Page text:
Credit Card Breach in South Africa – Summary of Bank and PASA Responses

There was a massive breach in South Africa’s banks last week resulting in tens of millions of rands in losses. The breach was caused by a malicious malware called Dexter which was unknowingly installed on the POS terminals of a number of fast food chains.
It is believed that the malware was implemented by an international syndicate and the South African Police Service is working with Interpol and Europol in an effort to bring the guilty party to justice.

In response to the breach all the major banks have released statements to reassure their clients.

Standard bank said:
‘Immediate pro-active steps have been taken by Standard Bank (and the rest of the industry) to identify and limit the extent of the potential exposure. All Standard Bank cards that may have been impacted have been placed under a heightened level of monitoring to detect possible unusual or fraudulent activity.’

Absa bank said:
“It has come to light that the Dexter virus was identified at a contained number of terminals across a number of merchants where Absa has had very limited exposure to date.”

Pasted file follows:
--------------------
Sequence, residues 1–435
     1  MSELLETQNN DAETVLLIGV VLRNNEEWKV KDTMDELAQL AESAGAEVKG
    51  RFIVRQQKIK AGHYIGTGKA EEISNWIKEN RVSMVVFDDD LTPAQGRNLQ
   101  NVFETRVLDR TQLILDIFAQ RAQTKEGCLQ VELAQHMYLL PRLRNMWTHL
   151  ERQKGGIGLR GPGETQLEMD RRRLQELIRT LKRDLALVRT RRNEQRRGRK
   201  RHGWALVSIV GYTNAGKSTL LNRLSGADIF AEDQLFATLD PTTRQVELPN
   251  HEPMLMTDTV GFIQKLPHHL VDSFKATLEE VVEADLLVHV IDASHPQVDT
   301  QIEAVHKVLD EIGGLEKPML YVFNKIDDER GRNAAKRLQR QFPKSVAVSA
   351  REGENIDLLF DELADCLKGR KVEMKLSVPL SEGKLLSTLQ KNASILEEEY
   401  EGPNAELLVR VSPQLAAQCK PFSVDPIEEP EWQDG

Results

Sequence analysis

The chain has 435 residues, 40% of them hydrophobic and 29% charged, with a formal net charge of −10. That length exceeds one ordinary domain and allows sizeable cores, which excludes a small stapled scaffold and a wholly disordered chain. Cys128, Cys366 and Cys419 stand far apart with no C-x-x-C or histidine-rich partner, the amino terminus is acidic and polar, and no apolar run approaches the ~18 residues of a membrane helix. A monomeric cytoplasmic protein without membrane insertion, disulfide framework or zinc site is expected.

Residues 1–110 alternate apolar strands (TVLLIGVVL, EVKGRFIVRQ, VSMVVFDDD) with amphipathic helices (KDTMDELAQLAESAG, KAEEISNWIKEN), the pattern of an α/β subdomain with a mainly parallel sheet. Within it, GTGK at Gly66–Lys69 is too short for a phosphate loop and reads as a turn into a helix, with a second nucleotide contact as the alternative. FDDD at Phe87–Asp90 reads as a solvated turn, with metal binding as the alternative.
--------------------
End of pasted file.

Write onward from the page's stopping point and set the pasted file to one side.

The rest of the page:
FNB said:
“FNB continually monitors all card transactions for unusual or fraudulent activity and take the necessary proactive measures to prevent fraud, including the re-issue of cards to potentially affected customers.”

Nedbank said
“Nedbank will continue to closely monitor all transactions acquired by third-party processors and Nedbank clients need not be concerned.”

The Payments Association of South Africa released a statement saying,

The Payments Association of South Africa (PASA), international card schemes (Visa and MasterCard) and South Africa’s major banks have taken immediate steps to prevent a further leakage of card details because of a security lapse at a company processing online transactions.

Walter Volker, the CEO of PASA, said there was no need for undue concern by cardholders. There are indications at this stage that only a limited number of card details have been accessed by outside organisations and as a result limited fraud has been perpetrated.

The industry has taken immediate and pro-active steps to identify the extent of the potential exposure and to carefully monitor transactions on the cards involved in order to detect possible unusual activity. Fortunately, to date, there seems to be evidence of only very limited fraud being perpetrated as a direct result of the exposure.

Should fraudulent transactions be perpetrated on any of these cards as a result of the data compromise, cardholders would not be exposed to any losses – as is the case under normal circumstances.”

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